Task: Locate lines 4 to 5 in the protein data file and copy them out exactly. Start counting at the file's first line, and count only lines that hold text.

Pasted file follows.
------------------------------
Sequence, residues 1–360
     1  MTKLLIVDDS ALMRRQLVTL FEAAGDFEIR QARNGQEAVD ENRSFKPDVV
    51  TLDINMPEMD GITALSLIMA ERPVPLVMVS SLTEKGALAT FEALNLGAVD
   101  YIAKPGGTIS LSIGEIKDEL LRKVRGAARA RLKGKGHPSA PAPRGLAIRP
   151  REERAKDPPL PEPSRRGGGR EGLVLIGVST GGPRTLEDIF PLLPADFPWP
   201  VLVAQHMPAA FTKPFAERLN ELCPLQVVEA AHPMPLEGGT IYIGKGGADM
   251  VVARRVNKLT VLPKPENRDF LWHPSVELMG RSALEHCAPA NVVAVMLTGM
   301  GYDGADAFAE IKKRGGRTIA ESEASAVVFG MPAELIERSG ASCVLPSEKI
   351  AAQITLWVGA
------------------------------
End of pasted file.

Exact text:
   101  YIAKPGGTIS LSIGEIKDEL LRKVRGAARA RLKGKGHPSA PAPRGLAIRP
   151  REERAKDPPL PEPSRRGGGR EGLVLIGVST GGPRTLEDIF PLLPADFPWP